The third Turkey-Africa Summit will commence the second day of meetings today in Istanbul.
The meeting will bring together Turkish officials, 13 heads of state, and other representatives from 39 African countries to discuss a five-year action plan on advancing bilateral relations. Security and defense are key discussion points since Erdogan pledged to increase bilateral trade with Africa from $25 to $50 billion two months ago at a senior-level trade and investment forum.
For Erdogan, the Summit presents an opportunity to partially rebound from the Turkish lira’s 50% decline in value against the dollar this week. Security and defense exports, relatively, represent a critical constituent toward improving the country’s economy.
Given Turkey’s growing reputation as a reliable global arms producer, especially in drone manufacturing, military deals will feature significantly in the Summit. In the past year, Turkish defense exports to Ethiopia increased to $94.6 million from $235,000, with similar sales to Angola, Chad, and Morocco.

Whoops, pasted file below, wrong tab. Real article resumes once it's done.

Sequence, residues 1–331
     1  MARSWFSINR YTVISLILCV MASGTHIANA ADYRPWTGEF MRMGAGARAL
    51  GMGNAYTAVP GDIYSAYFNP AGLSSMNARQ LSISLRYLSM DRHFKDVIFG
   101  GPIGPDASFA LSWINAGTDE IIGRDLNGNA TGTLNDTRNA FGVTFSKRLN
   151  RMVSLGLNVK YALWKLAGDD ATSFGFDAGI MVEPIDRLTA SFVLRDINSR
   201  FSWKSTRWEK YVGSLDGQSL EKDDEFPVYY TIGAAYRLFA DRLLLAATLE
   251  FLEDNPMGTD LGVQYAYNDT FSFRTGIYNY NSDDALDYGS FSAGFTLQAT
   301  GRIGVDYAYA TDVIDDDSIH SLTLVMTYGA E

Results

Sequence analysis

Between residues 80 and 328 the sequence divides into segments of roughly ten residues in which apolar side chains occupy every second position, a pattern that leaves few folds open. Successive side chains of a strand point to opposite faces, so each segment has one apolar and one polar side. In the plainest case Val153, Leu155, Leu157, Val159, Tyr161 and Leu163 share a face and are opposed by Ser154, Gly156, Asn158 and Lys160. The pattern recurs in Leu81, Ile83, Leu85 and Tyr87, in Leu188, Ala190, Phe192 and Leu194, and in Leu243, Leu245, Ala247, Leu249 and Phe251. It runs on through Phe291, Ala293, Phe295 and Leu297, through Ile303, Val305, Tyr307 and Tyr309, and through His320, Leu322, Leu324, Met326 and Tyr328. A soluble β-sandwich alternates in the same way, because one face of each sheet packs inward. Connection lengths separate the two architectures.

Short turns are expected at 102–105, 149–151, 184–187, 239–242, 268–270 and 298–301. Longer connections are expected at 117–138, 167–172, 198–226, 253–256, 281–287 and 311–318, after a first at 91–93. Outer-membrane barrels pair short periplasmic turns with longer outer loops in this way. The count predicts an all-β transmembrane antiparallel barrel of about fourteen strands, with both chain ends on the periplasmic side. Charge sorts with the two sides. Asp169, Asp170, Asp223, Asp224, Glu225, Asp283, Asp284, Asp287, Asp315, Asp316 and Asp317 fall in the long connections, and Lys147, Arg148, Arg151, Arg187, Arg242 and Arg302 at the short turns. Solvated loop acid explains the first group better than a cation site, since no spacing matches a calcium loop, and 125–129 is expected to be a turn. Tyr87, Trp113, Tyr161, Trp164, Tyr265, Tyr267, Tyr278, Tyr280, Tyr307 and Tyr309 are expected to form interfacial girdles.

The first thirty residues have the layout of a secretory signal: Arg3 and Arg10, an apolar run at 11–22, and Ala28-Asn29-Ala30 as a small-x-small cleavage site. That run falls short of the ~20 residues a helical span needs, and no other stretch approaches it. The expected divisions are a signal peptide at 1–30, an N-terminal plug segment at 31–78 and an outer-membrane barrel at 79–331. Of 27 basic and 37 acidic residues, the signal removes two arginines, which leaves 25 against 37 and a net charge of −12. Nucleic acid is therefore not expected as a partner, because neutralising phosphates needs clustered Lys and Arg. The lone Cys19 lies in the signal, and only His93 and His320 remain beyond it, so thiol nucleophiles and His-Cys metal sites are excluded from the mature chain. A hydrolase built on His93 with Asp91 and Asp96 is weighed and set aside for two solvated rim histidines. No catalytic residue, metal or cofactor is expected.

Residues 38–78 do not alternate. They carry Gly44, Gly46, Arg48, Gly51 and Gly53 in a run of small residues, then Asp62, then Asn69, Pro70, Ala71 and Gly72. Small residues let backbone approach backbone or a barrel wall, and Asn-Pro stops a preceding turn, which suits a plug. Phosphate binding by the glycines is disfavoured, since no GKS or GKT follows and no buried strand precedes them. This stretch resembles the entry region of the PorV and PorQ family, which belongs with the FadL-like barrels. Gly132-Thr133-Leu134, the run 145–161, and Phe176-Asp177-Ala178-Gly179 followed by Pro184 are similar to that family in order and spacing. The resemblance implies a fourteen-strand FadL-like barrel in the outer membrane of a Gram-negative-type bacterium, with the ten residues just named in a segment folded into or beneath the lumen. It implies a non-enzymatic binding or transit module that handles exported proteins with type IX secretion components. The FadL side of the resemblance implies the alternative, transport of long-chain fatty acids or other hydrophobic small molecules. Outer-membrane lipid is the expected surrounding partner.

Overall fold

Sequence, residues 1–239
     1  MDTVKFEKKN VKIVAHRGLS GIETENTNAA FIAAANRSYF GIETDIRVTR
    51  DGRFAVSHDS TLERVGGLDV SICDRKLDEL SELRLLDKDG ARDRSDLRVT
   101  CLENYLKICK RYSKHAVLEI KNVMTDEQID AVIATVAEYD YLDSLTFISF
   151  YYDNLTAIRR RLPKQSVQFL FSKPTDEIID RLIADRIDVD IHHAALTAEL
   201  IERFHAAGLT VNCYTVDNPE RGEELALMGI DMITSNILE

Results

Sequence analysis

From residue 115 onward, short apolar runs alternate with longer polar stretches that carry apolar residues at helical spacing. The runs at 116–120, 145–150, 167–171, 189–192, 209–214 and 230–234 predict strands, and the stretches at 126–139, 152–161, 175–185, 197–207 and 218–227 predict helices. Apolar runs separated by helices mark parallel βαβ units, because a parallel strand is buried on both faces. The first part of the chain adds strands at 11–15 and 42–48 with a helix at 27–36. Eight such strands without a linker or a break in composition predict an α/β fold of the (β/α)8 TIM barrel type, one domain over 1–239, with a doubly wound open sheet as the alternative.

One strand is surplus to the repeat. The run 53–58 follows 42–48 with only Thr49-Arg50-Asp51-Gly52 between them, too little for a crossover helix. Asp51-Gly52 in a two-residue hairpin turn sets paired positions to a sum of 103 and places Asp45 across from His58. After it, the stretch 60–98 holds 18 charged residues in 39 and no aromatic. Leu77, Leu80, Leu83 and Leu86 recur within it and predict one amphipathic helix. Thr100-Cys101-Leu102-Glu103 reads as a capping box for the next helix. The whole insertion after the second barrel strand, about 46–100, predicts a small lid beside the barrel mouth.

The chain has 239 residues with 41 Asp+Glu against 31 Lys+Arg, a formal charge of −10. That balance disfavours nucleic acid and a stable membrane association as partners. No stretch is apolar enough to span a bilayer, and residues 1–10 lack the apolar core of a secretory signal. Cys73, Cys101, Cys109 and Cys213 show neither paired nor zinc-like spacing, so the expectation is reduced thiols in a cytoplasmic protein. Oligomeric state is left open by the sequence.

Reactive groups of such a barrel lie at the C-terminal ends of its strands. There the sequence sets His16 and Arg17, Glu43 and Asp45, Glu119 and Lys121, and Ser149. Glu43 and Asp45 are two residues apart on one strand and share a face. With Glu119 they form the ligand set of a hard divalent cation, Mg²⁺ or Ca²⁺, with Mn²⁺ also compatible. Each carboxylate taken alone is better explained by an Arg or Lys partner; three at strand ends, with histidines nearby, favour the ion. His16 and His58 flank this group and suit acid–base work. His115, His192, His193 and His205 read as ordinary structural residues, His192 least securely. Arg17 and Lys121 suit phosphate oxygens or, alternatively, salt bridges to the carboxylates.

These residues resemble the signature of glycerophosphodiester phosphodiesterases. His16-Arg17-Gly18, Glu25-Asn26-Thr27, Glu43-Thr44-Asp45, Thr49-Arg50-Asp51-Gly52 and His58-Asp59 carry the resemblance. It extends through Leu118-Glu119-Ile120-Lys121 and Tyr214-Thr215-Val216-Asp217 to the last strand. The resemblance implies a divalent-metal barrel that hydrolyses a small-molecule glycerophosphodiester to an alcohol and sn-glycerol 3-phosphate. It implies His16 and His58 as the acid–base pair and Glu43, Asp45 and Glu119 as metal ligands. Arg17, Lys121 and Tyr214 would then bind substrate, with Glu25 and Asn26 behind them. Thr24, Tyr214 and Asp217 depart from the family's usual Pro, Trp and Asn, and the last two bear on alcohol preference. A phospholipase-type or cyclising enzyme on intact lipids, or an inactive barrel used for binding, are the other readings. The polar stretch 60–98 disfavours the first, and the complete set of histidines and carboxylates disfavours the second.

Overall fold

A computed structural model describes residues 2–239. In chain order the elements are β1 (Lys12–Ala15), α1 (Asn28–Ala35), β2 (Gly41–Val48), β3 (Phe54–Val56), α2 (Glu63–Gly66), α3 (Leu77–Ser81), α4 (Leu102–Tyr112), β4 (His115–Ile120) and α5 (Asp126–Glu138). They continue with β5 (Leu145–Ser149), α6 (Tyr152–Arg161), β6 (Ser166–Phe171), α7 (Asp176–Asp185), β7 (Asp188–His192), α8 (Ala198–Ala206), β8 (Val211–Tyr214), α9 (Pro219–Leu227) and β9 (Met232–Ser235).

Regardless of the number of deals struck, the Summit will not propel Ankara out of its currency crisis. This is predominantly owing to Erdogan’s economic program, which emphasizes the seizure of monetary policy control from central bankers, and his unconventional view that high-interest rates equate to high inflation.
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Alan is an analyst with the Current Developments team, focusing on security and politics, particularly within the former Soviet Union, the Middle East and Africa. He contributes regularly to the Daily Brief.